Tuesday, June 02, 2009

Chau v. Starbucks (Cal. Ct. App. - June 2, 2009)

When you leave money in the tip jar at Starbucks, to whom are you leaving it? And who may permissibly recieve it; in particular, can the company command that the store manager ("shift supervisor") gets a cut?

The general rule in California is that the company can't take a cut of tips from its employees and give the dough to their agent (e.g., the manager). Judge Cowatt, down here in San Diego, followed this general rule, and in a suit brought against Starbucks on behalf of its California baristas, awarded the employee class 86 million plus. But, today, in an opinion by Justice Haller, the California Court of Appeal reverses, and orders judgment entered on behalf of Starbucks.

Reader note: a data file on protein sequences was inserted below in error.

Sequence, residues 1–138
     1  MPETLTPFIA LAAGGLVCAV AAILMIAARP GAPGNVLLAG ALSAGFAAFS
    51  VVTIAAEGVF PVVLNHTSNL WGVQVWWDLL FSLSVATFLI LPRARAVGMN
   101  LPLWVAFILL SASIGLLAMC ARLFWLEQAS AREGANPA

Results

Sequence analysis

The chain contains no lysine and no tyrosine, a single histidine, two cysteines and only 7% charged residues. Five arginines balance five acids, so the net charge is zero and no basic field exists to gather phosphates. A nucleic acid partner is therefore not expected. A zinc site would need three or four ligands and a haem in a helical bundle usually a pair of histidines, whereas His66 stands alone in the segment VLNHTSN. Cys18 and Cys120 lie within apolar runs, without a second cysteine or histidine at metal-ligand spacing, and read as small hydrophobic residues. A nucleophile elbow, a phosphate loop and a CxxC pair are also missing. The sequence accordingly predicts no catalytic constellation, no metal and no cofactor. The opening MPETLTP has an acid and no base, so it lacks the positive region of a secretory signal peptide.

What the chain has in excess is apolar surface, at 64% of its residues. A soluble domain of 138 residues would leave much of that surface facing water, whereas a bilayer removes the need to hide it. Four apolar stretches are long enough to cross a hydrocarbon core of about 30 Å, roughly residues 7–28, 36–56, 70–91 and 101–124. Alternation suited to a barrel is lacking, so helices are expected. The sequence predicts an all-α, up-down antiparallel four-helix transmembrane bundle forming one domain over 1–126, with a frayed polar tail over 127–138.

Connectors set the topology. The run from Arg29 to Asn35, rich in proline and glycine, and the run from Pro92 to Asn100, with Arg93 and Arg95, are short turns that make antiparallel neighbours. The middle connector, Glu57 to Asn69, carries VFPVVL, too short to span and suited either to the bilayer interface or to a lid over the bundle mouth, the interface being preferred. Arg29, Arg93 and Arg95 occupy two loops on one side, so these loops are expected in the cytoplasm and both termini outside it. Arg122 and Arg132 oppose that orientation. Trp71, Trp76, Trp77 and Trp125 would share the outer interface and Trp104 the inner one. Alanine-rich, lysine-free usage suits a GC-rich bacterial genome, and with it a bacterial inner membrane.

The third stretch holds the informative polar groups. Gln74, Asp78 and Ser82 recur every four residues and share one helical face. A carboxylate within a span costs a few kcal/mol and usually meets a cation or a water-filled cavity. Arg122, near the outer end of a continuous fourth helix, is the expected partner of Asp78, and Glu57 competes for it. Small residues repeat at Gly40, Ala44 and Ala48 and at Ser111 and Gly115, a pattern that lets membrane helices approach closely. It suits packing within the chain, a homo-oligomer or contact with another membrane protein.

Yes, the Court of Appeal said, if you give your tip directly to a particular employee, they get to keep it. But if you give a "collective" tip -- e.g., into a tip jar -- that's tipping everyone, including supervisors. Or at least that is what we believe, and on the basis thereof, we're going to allow Starbucks to require that these tips be shared with managers. (Parenthetically, as here, we're also going to allow Starbucks to highly regulate tipping, and to dictate where and how the tip jar is displayed -- which will ensure that the tips indeed flow to the manager and not exclusively to the employees.)

This is definitely a case in which social norms are relevant; indeed, dispositive. Which raises interesting issues about how judges know (and explain) these norms, particularly when judges may disagree about them. But I'll leave that discourse for another time.

For now, just know that if you were ever a barista at a California Starbucks after 2000, today was not a good day for you. You lost some money that you otherwise had coming to you.